Frequent Florida Criminal Defense Questions

How do I go about bonding someone out of jail?

You can either post the full amount of the bond yourself or you can hire a bail bonds company. If you post the entire amount yourself, you will receive the full amount back once the case is resolved, as long as the defendant shows up at all of their court appearances. Bail bond companies usually charge a ten percent fee of the total bond amount. For more information about bonding an individual out of jail, please review the following page of the firm’s website: Bond Information

What happens after the defendant is bonded out of jail?

If the defendant has not been arraigned yet, the case will be set for an arraignment date. The defendant will need to abide with the bond or release conditions until the case is resolved. If the defendant fails to abide by these conditions or if the defendant fails to show up at any Court hearing where their presence is required, the Court will revoke the bond and issue a warrant for their arrest.

What are the criminal penalties I face for my charges?

The specific penalties you are facing depend on the crime you have been charged with as well as your prior criminal record, however all criminal offenses carry the possibility of some jail time, which is why it is important that you seek legal representation. To learn about the various penalties for felony, misdemeanor or DUI offenses, please review the following page of the firm’s website: Criminal Penalties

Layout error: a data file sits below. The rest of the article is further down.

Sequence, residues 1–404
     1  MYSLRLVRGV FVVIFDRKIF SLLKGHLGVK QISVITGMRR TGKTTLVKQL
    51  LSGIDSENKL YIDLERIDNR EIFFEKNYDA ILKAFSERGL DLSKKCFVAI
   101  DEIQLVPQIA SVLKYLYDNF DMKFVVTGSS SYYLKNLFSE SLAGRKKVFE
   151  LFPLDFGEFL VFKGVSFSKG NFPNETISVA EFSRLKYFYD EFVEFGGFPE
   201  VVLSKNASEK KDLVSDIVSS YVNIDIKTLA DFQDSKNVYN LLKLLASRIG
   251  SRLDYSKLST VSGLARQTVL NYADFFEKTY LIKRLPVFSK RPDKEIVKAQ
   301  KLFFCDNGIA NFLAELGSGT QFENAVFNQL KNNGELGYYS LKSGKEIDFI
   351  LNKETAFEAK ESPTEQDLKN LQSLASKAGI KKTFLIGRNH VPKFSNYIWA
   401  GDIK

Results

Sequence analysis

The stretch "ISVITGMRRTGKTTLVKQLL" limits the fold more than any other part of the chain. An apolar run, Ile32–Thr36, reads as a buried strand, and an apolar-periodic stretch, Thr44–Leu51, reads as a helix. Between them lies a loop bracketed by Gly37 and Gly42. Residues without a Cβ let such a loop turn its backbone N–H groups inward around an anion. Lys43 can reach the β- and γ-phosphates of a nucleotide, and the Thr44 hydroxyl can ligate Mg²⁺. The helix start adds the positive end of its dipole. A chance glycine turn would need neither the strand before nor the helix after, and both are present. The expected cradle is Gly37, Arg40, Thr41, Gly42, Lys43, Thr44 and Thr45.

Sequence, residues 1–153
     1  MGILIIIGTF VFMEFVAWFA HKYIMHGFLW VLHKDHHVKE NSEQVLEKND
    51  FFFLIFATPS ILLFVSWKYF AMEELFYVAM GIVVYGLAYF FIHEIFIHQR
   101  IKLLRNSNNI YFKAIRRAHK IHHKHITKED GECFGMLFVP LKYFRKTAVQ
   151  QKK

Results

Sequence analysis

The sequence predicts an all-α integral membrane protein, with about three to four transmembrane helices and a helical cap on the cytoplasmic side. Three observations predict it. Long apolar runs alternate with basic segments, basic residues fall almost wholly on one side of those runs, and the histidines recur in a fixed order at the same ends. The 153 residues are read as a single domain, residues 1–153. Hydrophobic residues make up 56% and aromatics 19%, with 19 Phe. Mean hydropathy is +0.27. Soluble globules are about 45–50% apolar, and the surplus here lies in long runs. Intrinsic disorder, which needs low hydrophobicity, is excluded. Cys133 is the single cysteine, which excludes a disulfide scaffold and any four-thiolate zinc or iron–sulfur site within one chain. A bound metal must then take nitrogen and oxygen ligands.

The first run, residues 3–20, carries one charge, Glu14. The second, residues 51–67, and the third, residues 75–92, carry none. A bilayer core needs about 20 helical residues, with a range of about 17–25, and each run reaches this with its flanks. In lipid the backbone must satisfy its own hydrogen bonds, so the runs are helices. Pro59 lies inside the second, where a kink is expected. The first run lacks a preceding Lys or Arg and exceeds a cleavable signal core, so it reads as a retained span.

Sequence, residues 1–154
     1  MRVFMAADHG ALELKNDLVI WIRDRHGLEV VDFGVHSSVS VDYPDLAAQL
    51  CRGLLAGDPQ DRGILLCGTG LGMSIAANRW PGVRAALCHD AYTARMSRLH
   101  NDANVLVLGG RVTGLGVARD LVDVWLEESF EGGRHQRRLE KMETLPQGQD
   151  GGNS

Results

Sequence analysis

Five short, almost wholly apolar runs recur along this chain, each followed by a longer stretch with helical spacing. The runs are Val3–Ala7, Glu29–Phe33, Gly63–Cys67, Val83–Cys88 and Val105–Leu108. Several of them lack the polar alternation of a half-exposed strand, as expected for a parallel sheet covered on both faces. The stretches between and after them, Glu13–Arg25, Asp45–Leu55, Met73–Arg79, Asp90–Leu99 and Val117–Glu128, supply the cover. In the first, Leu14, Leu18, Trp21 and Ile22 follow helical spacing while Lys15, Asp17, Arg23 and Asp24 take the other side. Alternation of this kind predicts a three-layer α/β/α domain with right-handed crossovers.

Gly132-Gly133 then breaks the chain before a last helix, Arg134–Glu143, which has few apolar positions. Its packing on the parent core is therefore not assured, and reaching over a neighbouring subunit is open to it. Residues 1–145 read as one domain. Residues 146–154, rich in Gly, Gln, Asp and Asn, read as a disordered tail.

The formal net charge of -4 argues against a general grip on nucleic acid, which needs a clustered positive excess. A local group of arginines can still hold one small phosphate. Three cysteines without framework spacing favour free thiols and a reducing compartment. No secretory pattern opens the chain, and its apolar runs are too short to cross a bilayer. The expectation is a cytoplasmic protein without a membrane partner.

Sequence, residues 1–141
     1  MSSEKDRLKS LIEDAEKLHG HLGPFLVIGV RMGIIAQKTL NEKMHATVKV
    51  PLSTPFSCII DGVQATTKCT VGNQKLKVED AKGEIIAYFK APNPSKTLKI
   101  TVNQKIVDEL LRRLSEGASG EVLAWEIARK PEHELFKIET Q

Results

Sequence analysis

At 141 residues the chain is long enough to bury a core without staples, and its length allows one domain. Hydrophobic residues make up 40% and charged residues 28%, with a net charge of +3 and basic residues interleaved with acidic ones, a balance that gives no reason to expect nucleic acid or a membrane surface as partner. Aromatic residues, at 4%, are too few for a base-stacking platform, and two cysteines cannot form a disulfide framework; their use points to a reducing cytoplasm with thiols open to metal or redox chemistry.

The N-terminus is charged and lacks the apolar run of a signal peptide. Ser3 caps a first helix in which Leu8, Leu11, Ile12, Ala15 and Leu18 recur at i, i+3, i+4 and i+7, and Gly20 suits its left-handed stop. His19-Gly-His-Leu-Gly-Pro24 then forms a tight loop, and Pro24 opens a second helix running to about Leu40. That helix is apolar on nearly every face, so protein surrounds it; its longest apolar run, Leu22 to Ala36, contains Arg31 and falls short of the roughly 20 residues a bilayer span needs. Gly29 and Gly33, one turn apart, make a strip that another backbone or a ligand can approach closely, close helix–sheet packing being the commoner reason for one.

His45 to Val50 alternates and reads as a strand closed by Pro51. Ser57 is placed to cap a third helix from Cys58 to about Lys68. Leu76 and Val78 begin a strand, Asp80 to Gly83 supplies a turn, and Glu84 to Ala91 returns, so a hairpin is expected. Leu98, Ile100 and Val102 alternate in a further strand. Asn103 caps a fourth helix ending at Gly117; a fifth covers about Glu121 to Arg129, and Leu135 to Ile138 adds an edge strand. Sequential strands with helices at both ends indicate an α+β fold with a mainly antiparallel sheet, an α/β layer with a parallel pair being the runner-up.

What are some of the criminal defenses that I might have?

Each case is unique as to the individual facts. In some cases, you may be able to suppress statements the defendant made or evidence that was collected. In other cases, there may be contradicting evidence or other problems that prevent the State from proving your guilt beyond a reasonable doubt. To learn more about some of the defenses, please review the following page of the firm’s website: Criminal Defenses

What happens at the arraignment?